One things for sure: there sure are a lot of examples of “bellow” used in reference to smoke…

Foto Flo
I had a couple good shots of flames and fire fighters when I started to watch this black smoke bellow out of the attic and cover up the sun. ...
apictureaday.photopholio.com/archives/7639_1091681415/205381
http://apictureaday.photopholio.com/arc … 415/205381

Last edited by jorkel (2007-01-24 13:52:41)

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#6 2017-10-09 11:04:23

Dixon Wragg
Eggcornista
From: Cotati, California
Registered: 2008-07-04
Posts: 1190

Re: Noisy smoke

Watching a news video of the fires that, even as I write this, are gobbling up much of the area to the north and east of me, I could have sworn the newscaster said “bellowing smoke”, so I’m resurrecting this thread.

jorkel wrote:

For “smoke bellowed out” to be an eggcorn, someone would actually have to believe that the smoke shouted out in a deep voice. I find this unlikely and would probably classify the construction as a malapropism or a simple misspelling.

I would suggest that poetic license allows uses of the word “bellow” to refer to sounds that aren’t literally voiced by animals (human or otherwise), especially if they bear some resemblance to animal bellows, as with the roaring or howling of an inferno. But, as it turns out, we don’t even need to invoke poetic license or metaphor, as there are perfectly good dictionary definitions that allow for a wider definition of “bellow” than just animal sounds. A couple of examples: Oxford Dictionaries: “A deep roaring shout or sound.” American Heritage Dictionary: “A very loud utterance or other sound.” [emphases mine] Bellow << billow is an eggcorn, damn it!

Last edited by Dixon Wragg (2017-10-16 14:49:55)

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#7 2017-10-09 11:35:20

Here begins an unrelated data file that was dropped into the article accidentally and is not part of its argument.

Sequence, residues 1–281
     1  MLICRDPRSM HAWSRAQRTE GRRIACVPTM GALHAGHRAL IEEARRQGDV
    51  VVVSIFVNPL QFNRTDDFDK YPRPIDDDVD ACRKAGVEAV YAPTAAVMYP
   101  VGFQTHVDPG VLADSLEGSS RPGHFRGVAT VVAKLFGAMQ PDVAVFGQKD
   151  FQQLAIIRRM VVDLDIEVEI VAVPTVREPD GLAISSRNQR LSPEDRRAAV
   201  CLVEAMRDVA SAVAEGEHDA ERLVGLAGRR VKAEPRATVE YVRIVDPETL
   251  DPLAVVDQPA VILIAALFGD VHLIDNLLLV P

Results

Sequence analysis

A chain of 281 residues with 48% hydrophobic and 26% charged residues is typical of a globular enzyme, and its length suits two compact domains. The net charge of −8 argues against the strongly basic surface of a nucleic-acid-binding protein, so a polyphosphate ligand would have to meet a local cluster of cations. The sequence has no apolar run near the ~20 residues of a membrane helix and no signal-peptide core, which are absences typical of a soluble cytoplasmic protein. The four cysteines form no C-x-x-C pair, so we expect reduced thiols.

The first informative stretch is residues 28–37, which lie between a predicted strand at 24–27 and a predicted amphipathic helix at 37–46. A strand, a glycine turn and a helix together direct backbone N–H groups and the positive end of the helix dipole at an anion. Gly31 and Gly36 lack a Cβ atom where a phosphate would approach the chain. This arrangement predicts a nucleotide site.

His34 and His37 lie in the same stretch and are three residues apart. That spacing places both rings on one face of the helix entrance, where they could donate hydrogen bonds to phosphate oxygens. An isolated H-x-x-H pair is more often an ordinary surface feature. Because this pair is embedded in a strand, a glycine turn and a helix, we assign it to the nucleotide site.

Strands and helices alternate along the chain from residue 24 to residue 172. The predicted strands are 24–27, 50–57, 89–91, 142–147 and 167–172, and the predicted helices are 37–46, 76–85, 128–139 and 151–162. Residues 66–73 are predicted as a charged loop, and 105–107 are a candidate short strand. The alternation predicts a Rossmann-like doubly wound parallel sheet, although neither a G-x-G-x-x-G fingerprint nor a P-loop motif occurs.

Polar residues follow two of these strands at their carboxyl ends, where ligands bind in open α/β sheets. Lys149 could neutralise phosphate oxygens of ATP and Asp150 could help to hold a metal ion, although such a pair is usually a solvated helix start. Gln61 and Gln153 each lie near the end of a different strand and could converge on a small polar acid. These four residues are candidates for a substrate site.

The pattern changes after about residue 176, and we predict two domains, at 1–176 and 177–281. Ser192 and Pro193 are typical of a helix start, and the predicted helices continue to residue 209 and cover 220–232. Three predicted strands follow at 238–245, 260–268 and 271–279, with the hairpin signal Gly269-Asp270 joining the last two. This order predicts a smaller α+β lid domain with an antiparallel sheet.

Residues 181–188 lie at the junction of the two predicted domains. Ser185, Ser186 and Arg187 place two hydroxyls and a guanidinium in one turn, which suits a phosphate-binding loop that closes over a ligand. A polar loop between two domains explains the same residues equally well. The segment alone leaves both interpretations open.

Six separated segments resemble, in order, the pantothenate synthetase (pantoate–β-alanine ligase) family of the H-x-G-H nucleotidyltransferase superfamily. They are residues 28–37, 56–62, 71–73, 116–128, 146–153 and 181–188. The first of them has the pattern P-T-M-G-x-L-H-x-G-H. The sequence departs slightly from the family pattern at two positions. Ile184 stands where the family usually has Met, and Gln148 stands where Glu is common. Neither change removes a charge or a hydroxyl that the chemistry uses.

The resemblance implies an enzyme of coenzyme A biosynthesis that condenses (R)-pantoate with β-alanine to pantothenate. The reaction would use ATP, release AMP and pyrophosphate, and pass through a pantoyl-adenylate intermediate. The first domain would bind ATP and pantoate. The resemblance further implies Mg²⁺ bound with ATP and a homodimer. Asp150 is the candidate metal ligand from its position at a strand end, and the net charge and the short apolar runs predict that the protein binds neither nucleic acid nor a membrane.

Dixon Wragg
Eggcornista
From: Cotati, California
Registered: 2008-07-04
Posts: 1190

Re: Noisy smoke

And it’s a round-tripper!

Rows of Fireplace Billows at Souk in Marrakech, Morocco
I was surprised to see displays of fireplace billows in the souks.
photo description
(Plus, a bonus! Just a few lines below the one I quoted above, the writer says “What a great way to blow the ambers under burning logs on a very cold, winter evening.” Amber << ember has been discussed before, here.)

I believe the man, is trying to fix the fireplace billows for the fire for cooking.
art print description

Dallas Green always had a billowing voice. But on one summer’s day in 1994, he needed not a single word to describe the emotions he felt as Cindy Lauper sang the National Anthem at Shea Stadium.
obit

The number in question was “Children of the Damned,” a vintage Maiden slow burner dating back to 1982.
Dickinson was 23 when he first gave billowing voice to the fan favorite.
heavy metal article

The robloxian said in a billowing voice “I am your new leader! Obey me or you shall be destroyed or forced into torture!”
story

A bellowing voice can easily be visualized as billows of sound issuing from someone’s mouth, much like billows of smoke. I think this puts us in Eggcorn City.

Last edited by Dixon Wragg (2017-10-09 11:46:20)